And that’s Johns’ strategy, going forward. He begins at the core of every previously written hero, and encourages each team of writers to remember what made that particular hero worth following in the first place. “All anyone cares about is character, though they may not know it. It’s a little subconscious. When we laid out all the books, that’s what we focused on.”
He also has some notes about the brand’s intended demographics. “These heroes are for everyone. I would give these books to, I mean, anyone. If anything, I want a kid who reads a new comic from us to be inspired.” Johns is also interested in creating superhero stories that reach both seasoned fans and newcomers. “I don’t think you need an origin story to have a first book,” he says. “I put a lot of stuff in so that people who might know, will know, panels lifted straight from classics. I try to make it new-reader-friendly as possible, but I also want to interest people who have read comics for twenty years.”
Johns is a huge fan of The Flash, specifically of what that character can do for new audiences. “He embodies hope, family, heart, and he’s been missing.” Perhaps it’s no coincidence that The Flash on The CW has been the most successful superhero television series DC’s produced thus far. The story of Barry Allen is, as Johns suggests, a great example of a brand banking on a minor character’s virtues and appeal in order to write a truly engaging superhero story.
His energy and enthusiasm for the characters at his disposal should make him the perfect person to helm DC going forward, because he makes his decisions based on pure adoration for the fictional work. “I’ve loved these characters more than anything else for as long as I’ve lived,” he says, and the hyperbolic statement doesn’t ring disingenuous. He’s more than an encyclopedia of minor character facts — although he’s certainly that too, rattling off what Blue Beetle got himself into decades ago — he’s a champion for what once made DC great.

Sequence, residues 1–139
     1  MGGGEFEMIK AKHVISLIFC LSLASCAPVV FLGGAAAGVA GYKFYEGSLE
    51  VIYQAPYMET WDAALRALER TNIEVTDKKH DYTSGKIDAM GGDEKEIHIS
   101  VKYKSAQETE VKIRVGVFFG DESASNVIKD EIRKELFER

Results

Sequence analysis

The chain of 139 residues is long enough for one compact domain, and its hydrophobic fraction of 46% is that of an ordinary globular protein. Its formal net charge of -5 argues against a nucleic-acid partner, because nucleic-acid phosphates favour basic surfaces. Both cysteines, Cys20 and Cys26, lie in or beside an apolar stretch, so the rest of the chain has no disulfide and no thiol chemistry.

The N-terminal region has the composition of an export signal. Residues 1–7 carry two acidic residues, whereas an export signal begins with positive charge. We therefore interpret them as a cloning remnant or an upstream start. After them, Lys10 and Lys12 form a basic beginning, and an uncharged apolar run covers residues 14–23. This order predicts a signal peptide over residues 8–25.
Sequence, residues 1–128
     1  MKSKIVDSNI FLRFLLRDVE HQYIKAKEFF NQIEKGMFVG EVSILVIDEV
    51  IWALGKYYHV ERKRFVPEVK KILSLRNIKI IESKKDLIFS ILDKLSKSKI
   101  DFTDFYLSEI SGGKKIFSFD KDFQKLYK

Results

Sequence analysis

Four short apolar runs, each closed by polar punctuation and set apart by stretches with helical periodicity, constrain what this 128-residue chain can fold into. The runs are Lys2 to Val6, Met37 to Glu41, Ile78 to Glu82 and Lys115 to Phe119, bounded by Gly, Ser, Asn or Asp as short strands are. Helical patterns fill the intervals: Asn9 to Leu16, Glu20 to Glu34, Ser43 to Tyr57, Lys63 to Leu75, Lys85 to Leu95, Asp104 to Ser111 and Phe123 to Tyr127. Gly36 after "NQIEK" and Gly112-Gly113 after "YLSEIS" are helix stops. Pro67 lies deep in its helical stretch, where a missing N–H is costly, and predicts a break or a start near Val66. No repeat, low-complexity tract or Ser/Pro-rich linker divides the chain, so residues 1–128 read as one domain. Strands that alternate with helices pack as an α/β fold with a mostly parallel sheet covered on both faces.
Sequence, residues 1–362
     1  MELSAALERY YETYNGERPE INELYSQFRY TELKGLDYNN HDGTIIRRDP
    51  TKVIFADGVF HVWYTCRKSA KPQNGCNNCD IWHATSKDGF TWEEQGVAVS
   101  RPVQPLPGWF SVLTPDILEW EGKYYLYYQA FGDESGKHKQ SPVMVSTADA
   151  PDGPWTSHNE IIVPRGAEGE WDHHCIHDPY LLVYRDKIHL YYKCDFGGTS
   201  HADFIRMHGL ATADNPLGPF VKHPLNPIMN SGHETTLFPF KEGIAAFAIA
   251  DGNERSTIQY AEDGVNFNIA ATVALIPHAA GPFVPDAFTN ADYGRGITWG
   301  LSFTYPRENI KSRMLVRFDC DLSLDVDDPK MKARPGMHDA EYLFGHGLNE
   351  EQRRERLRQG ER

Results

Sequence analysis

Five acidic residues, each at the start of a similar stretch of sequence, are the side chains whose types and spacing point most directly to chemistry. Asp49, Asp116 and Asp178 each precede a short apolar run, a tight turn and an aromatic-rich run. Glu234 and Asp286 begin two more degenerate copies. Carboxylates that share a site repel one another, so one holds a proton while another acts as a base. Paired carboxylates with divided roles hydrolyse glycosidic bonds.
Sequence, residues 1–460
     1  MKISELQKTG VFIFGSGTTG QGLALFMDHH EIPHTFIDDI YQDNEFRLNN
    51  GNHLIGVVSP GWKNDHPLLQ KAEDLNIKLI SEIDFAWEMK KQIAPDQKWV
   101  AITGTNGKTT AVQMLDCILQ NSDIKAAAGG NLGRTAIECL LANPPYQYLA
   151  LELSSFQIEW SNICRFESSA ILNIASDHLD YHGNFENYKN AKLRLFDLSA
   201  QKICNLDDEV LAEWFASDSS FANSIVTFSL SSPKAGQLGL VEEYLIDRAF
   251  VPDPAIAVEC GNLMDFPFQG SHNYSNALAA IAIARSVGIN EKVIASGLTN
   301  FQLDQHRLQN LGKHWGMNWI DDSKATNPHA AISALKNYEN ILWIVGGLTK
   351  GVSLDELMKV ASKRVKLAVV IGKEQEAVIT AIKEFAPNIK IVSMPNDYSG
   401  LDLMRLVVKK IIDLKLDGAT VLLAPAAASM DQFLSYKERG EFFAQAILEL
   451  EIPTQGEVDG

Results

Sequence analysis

“Let’s say you’ve been given the position of writing Green Arrow from scratch,” he posits, rhetorically. “Clean slate. You might say, ‘Okay, I’m going to write this new character,’ and when someone says, ‘Well, what about Black Canary,’ you might say… ‘nope.’ That means you completely misunderstand these characters.” For Johns, to love superheroes is to know what they love, whether it’s a romantic pairing, or a specific hope for their world. Regarding the last film to adopt DC characters, it’s obvious Johns’ analysis will affect DC’s cinematic universe as well. After all, what did either Batman or Superman love in BvS? What brought either of them hope, and how did that film come organically from their interwoven legacies?
In Johns’ hands, DC has a real shot at becoming not only a more culturally relevant superhero brand, but proof that intelligence does not have to negate enthusiasm. Some of Johns’ favorite superhero stories use nuanced, metatextual references to culture, or to earlier iterations of comics. He envisions a DC cinematic universes full of easter eggs and references written for enjoyments’ sake, rather than mass marketing. But at its core, every superhero story, according to Johns, should have an obvious, emotionally striking appeal to both new readers and old. Johns’ DC isn’t rebooted for a new world; it’s a triumphant return to the core of the superhero narrative whose appeal has lasted for decades.